If done in stop motion, it could have taken seven years to make but by using suitmation, production only took seven months. Tsuburaya won his first Film Technique Award for Godzilla and from there, his resume only blossomed. During his 50-year career, he worked on approximately 250 films in total – including Mothra vs Godzilla, Ghidorah, the Three-Headed Monster, and War of the Gargantuas. That’s also not including his creation of the Ultraman series.

Practical vs Digital Effects

One of the largest debates in film communities lately is Practical vs Digital Effects and it’s fairly easy to understand where people are coming from. On one side, there’s a long-practiced live-action art form that is slowly being taken over by something that’s often less than believable. And on the other side, when the digital effects are good, they accomplish what would be impossible, or at least prohibitively expensive, to do on set.

Cheaper and easier software means that practical effects are slowly falling out of fashion, but genre enthusiasts seem dedicated to the craft more than ever. Tsuburaya spearheaded contemporary Tokusatsu or Japanese special effects unlike anything seen previously. Even today, his legacy resonates with production companies across the world and the techniques he pioneered can be seen within western blockbusters.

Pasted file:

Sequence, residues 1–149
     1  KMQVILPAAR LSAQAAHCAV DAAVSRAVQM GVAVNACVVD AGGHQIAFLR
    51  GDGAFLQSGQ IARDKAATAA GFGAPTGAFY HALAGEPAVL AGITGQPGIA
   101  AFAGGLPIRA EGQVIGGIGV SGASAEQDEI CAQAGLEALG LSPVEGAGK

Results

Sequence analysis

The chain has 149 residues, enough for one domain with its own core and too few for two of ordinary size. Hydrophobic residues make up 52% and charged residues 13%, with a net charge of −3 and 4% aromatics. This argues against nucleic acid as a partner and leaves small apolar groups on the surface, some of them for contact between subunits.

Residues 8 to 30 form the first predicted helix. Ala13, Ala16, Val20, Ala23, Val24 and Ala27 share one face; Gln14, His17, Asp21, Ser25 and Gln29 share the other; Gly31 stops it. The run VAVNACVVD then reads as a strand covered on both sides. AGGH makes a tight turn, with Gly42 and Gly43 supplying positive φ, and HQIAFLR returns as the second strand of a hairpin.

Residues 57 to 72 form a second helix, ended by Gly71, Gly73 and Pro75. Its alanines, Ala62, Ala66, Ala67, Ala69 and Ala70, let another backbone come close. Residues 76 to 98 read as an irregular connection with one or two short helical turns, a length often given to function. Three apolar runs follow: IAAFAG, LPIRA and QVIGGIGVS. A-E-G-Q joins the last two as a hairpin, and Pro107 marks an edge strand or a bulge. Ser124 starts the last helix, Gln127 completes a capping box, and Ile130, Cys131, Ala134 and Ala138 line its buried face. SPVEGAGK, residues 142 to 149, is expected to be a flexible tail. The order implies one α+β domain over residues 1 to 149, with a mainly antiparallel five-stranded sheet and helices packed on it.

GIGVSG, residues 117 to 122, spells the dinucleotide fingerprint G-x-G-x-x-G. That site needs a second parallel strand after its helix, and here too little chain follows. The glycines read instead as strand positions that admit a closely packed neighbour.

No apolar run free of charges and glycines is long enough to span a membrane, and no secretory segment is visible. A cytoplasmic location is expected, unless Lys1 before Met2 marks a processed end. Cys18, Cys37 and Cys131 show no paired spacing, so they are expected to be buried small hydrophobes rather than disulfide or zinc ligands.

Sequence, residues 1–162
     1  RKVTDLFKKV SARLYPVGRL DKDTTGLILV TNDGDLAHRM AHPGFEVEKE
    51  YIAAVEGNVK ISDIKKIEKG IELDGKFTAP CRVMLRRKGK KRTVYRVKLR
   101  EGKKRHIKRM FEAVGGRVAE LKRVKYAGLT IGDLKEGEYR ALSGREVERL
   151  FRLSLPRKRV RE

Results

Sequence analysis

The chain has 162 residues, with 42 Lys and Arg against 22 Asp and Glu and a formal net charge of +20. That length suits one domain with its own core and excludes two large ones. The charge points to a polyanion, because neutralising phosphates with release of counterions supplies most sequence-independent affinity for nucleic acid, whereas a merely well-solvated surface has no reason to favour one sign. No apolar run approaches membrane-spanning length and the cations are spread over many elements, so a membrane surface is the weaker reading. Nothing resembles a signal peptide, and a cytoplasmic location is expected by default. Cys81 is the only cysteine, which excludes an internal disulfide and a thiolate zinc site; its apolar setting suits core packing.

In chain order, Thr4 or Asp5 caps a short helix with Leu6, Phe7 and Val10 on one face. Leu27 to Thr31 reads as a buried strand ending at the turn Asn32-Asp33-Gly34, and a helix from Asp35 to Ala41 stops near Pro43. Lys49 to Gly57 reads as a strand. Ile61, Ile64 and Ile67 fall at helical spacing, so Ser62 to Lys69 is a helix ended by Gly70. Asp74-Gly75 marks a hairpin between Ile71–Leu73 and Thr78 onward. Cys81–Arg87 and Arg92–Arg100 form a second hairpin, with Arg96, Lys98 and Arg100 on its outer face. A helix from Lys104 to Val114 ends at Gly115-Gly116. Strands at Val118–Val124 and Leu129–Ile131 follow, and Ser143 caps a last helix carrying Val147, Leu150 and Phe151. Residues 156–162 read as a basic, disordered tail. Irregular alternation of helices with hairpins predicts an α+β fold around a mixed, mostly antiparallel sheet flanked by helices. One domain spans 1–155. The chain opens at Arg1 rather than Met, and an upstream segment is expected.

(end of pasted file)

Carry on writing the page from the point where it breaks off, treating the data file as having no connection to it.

Japan is still utilizing many of these systems in tandem with digital effects, search for a symbiosis between them. There’s no sense making something fully digital when it could look just as good, if not better, practically. But that’s not to say we should get rid of digital effects completely. 

One of the most recent examples of this being used is in Toho’s Shin Godzilla, which utilized detailed model and suit techniques with digital tweaks that made the monster seem more alive than ever. An example from the dawn of the digital age that borrowed heavily from the Kaiju genre, the original Jurassic Park, had only 63 visual effects shots in the whole film. It relied on practical effects in closeup to set audience expectations, then switched to computer shots so our brains could fill in the details they already “learned,” making up for any unreality associated with digital effects.

Kaiju films and monster movies are more than men in rubber suits stomping on cardboard buildings. A lifetime of craftsmanship passed down from years of learning has culminated in an ever-evolving art form that still informs how we create films to this day. Tsuburaya’s impact is as relevant today as Ray Harryhausen’s and Stan Winston’s. I’ve really only scratched the surface to introduce you to the art form, now it’s up to you to find the beauty in it.

What is Godzilla About?

American nuclear weapons testing results in the creation of a seemingly indestructible beast. Dr. Daisuke Serizawa (Akihiko Hirata) and team seek a way to get rid of the infamous Gojira anyway possible while saving Japan in the process.